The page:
Format

Send to

Choose Destination
BMC Vet Res. 2016 Jun 6;12:89. doi: 10.1186/s12917-016-0714-8.

Medicinal plants--prophylactic and therapeutic options for gastrointestinal and respiratory diseases in calves and piglets? A systematic review.

Author information

1
Department of Livestock Sciences, Research Institute of Organic Agriculture (FiBL), Ackerstrasse 113, postbox 219, Frick, 5070, Switzerland. hannah.ayrle@fibl.org.
2
Division Veterinary Pharmacology & Toxicology, Department Clinical Research and Veterinary Public Health, Vetsuisse Faculty, University of Bern, Laenggassstrasse 124, Bern, 3012, Switzerland. hannah.ayrle@fibl.org.
3
Division Veterinary Pharmacology & Toxicology, Department Clinical Research and Veterinary Public Health, Vetsuisse Faculty, University of Bern, Laenggassstrasse 124, Bern, 3012, Switzerland.
4
Department of Farm Animals, Vetsuisse Faculty, University of Zurich, Winterthurerstrasse 260, Zurich, 8057, Switzerland.
5
Department of Clinical Veterinary Medicine, Swine Clinic, Vetsuisse Faculty, University of Bern, Bremgartenstrasse 109a, Bern, 3012, Switzerland.
6
Dahlem Centre of Plant Sciences, Institute of Pharmacy, Freie Universität Berlin, Koenigin-Luise-Strasse 2 + 4, Berlin, 14195, Germany.
7
Department of Livestock Sciences, Research Institute of Organic Agriculture (FiBL), Ackerstrasse 113, postbox 219, Frick, 5070, Switzerland.

Abstract

BACKGROUND:

Gastrointestinal and respiratory diseases in calves and piglets lead to significant economic losses in livestock husbandry. A high morbidity has been reported for diarrhea (calves ≤ 35%; piglets ≤ 50%) and for respiratory diseases (calves ≤ 80%; piglets ≤ 40%). Despite a highly diverse etiology and pathophysiology of these diseases, treatment with antimicrobials is often the first-line therapy. Multi-antimicrobial resistance in pathogens results in international accordance to strengthen the research in novel treatment options. Medicinal plants bear a potential as alternative or additional treatment. Based on the versatile effects of their plant specific multi-component-compositions, medicinal plants can potentially act as 'multi-target drugs'. Regarding the plurality of medicinal plants, the aim of this systematic review was to identify potential medicinal plant species for prevention and treatment of gastrointestinal and respiratory diseases and for modulation of the immune system and inflammation in calves and piglets.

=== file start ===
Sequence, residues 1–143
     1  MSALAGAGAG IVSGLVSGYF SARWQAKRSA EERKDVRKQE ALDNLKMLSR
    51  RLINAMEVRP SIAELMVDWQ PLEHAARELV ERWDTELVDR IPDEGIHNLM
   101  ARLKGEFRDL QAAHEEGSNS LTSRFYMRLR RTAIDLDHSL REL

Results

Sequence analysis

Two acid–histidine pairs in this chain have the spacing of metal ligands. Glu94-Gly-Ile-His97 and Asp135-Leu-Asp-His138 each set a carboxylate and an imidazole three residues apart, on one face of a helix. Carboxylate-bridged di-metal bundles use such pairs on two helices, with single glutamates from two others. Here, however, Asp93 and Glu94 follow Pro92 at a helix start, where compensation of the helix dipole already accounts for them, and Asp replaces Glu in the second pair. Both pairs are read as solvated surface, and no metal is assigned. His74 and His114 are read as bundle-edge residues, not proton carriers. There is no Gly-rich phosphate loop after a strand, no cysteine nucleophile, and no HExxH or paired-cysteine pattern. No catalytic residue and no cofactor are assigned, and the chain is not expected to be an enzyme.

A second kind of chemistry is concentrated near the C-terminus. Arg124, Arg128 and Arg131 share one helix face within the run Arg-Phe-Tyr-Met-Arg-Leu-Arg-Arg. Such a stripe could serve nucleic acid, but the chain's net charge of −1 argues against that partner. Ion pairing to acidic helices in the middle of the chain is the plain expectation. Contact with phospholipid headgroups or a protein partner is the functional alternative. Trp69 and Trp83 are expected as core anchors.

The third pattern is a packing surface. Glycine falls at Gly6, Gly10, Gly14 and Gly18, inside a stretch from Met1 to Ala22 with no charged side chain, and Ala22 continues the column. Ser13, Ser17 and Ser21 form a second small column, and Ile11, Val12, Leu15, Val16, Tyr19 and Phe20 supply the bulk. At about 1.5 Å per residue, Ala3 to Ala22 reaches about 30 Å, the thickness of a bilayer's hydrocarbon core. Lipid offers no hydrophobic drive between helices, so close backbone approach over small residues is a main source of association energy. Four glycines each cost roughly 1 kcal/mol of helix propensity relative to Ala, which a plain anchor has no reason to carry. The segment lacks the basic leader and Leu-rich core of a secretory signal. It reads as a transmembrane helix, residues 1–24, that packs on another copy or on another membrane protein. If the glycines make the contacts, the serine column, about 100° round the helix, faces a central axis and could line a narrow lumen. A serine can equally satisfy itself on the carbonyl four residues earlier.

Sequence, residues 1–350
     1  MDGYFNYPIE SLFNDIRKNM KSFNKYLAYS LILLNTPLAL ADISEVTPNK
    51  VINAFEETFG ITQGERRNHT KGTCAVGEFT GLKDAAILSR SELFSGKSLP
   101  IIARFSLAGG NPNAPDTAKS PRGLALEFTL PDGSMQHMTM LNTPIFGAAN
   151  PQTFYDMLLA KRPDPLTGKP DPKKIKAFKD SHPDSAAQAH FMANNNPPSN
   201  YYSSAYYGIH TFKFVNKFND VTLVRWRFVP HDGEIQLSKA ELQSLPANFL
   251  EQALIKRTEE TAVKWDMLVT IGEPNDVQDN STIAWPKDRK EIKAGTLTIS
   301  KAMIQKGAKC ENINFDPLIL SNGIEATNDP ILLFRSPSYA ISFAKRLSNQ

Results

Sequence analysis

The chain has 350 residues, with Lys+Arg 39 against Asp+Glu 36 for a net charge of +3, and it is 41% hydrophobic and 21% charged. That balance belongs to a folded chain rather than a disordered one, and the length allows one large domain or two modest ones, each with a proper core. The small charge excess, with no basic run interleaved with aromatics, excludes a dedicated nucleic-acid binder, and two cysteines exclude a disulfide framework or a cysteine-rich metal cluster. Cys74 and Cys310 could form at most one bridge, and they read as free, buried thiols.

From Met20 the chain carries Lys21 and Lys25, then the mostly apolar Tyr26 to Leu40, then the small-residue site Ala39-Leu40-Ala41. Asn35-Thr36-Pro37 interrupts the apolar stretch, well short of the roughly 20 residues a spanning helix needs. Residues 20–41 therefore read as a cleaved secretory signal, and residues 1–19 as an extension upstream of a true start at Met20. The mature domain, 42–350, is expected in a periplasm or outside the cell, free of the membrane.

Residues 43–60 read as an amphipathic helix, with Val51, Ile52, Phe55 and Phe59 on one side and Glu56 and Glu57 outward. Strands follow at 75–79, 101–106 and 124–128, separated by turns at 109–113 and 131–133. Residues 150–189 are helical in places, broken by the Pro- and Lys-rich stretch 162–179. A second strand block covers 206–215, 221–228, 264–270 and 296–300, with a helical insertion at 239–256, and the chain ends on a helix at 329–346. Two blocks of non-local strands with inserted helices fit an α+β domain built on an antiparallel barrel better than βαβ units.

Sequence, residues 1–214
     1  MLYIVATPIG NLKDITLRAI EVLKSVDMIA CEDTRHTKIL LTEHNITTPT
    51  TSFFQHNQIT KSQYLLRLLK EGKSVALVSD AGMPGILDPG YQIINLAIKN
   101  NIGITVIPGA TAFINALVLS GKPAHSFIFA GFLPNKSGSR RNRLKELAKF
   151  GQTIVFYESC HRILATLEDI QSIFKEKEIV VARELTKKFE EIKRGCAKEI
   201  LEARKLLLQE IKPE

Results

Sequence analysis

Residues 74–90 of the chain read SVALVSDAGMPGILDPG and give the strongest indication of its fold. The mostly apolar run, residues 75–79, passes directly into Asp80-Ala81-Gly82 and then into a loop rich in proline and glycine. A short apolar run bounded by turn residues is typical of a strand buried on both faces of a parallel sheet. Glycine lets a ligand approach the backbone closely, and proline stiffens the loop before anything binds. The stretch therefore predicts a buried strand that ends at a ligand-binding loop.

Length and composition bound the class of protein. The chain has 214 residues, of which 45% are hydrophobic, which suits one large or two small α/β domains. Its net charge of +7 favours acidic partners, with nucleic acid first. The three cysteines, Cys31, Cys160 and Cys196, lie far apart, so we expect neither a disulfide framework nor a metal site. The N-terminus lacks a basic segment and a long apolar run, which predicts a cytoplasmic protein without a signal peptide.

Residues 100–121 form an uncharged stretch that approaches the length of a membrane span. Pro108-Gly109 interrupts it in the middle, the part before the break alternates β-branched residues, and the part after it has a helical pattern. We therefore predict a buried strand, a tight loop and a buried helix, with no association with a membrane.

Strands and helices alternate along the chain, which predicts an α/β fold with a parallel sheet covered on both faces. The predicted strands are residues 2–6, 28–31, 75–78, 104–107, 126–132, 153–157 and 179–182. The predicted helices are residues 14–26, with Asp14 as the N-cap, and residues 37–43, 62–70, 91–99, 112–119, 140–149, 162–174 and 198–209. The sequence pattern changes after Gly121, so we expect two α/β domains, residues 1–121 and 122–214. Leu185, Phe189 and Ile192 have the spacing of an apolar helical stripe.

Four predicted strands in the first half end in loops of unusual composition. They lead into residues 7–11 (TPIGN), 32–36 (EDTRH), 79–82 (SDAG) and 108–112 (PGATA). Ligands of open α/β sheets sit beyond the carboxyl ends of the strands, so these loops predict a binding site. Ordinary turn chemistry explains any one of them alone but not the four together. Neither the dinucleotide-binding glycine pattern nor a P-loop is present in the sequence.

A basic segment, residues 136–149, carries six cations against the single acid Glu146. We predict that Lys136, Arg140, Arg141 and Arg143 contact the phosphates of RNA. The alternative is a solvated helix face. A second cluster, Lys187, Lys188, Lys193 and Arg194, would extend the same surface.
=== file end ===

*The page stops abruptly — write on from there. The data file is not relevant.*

RESULTS:

Based on nine initial sources including standard textbooks and European ethnoveterinary studies, a total of 223 medicinal plant species related to the treatment of gastrointestinal and respiratory diseases was identified. A defined search strategy was established using the PRISMA statement to evaluate 30 medicinal plant species starting from 20'000 peer-reviewed articles published in the last 20 years (1994-2014). This strategy led to 418 references (257 in vitro, 84 in vivo and 77 clinical trials, thereof 48 clinical trials in veterinary medicine) to evaluate effects of medicinal plants and their efficacy in detail. The findings indicate that the most promising candidates for gastrointestinal diseases are Allium sativum L., Mentha x piperita L. and Salvia officinalis L.; for diseases of the respiratory tract Echinacea purpurea (L.) MOENCH, Thymus vulgaris L. and Althea officinalis L. were found most promising, and Echinacea purpurea (L.) MOENCH, Camellia sinensis (L.) KUNTZE, Glycyrrhiza glabra L. and Origanum vulgare L. were identified as best candidates for modulation of the immune system and inflammation.

CONCLUSIONS:

Several medicinal plants bear a potential for novel treatment strategies for young livestock. There is a need for further research focused on gastrointestinal and respiratory diseases in calves and piglets, and the findings of this review provide a basis on plant selection for future studies.

KEYWORDS:

Calves; Gastrointestinal diseases; Medicinal plants; Piglets; Respiratory diseases

PMID:
27268043
PMCID:
PMC4896019
DOI:
10.1186/s12917-016-0714-8
[Indexed for MEDLINE]
Free PMC Article

Supplemental Content

Full text links

Icon for BioMed Central Icon for PubMed Central
Loading ...
Support Center